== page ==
Who’s to Blame for Your Success?

success-and-failure-signEveryone wants to be successful.

But how many people do you know would elect to be unsuccessful?

People Want to Succeed

Most of us will jump through hoops to be successful.

With success comes pride and appreciation and a sense of accomplishment. Success also brings recognition and sometimes even money and material rewards.

Given an option, chances are, you’d choose success over failure. That’s true for you. And it’s just as true for my friend Clemetin, who has spent his whole life in and out of prison.

So What Causes People to Fail?

If people never set out to fail… if they’ll do almost anything to succeed, then why then do they fail?

It’s easy to point your finger at the person who failed. That’s the obvious place to cast blame.

You might think someone who fails isn’t smart enough. Or has poor judgement. Or bad work habits. Or is undisciplined. Or worse… lazy or stupid.

You fail. It’s your fault. Right?

Wrong.

The Primary Cause of Failure is NOT the Person Who Fails

Again and again throughout history, we learn that surrounding conditions are far more important in shaping how someone behaves than the characteristics of that individual.

People want to succeed! And only a small part of their failure (or success) is properly attributed to them.

When someone fails, they do so because they are unable to succeed.

The situation or culture simply doesn’t support their success.

Perhaps the goals weren’t reasonable or the instructions unclear. Maybe the task didn’t fit that person’s skillset.

Context Contributes to Your Success (and Your Failure)

If you want to assign blame for failure, a likely culprit is the situation in which you’ve been has placed.

The next time you find yourself blaming someone for something that went awry, remember… the person who failed wanted to succeed.

They just couldn’t.

My friend Clemetin doesn’t want to get in trouble. He’s not looking for it. He lives in a culture in which it’s impossible for him to succeed. (Click here to learn more about Clemetin and his remarkable life.)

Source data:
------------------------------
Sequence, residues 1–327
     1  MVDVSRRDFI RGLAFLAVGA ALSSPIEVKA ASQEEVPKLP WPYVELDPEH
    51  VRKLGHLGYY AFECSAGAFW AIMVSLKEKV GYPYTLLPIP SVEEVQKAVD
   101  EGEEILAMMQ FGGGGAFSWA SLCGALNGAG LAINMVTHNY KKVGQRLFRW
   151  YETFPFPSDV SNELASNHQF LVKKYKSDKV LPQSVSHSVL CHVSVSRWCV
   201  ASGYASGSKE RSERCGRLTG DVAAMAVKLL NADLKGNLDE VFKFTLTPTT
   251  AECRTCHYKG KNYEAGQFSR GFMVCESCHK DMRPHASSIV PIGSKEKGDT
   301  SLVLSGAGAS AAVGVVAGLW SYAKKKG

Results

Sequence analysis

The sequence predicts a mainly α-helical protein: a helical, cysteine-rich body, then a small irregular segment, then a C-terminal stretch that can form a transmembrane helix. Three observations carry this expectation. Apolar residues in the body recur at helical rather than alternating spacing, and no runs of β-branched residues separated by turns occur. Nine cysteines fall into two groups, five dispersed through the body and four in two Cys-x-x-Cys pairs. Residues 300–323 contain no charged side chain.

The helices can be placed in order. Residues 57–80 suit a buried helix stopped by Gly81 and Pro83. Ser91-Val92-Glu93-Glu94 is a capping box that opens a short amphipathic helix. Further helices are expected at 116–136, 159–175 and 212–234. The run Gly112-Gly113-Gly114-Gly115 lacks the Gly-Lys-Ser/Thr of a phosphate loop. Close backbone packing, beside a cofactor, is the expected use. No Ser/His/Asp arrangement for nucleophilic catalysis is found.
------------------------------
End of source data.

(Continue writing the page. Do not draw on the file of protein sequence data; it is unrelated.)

When people you know are not successful, rather than blaming them, help them get into a situation in which they’ll be more likely to succeed.

That’s far more constructive. You’ll feel better. And they’ll be more successful.

TryTry ThisThis

List the Conditions that Create Your Success

Make a a list of the things in your environment that contribute to your success. Push yourself to think of everything from your skin color to your eduction to the values of your family of origin to your ability to speak grammatically. List the people who have helped you and the role models you’ve had.

Success is just the flip side of failure. You are no more solely responsible for your success than you are for your failure.

What and who do you blame for your success? Please share in the comments.

  • Top of my list is my great education. Thanks, Mom and Dad! And your column reminds me of another extraordinary post: “20 Things the Poor REALLY Do Every Day”: http://benirwin.wordpress.com/2013/12/03/20-things-the-poor-do-every-day/

    • Andrea Kihlstedt

      Not sure how I missed your wonderful comment and the eye opening post you’ve linked to. Many thanks, Jezra. I so appreciate your comments and your support.

      • Back at’cha! This is a wonderful post.

  • Kathleen Kennedy

    The high expectations of some really great teachers and my parents have definitely been a key factor in my success. They challenged me and weren’t afraid to correct me if they thought it would improve my skills. For instance, I’ve had some great teachers who edited my writing pretty harshly and pushed me to be a better writer. This post also made me think about how I’m raising my kids and how they seem to learn best, improve their skills, etc. when I set them up for success. It takes a lot of thought and conscious thinking about their strengths and weaknesses and what motivates them to help them grow and become kind, respectful, and thoughtful people!

    P.S. You’ve got me hooked about Clemetin – can’t wait to learn more about his story!

    • Andrea Kihlstedt

      Thanks Kathleen for the lovely comment. Yours are lucky children indeed, being raised in an environment that supports their success. It makes all the difference in the world.

      Thx for the nudge to write more about Clemetin. Soon, I promise. There are always lots of eye-opening stories to share about him. Some happy and some not.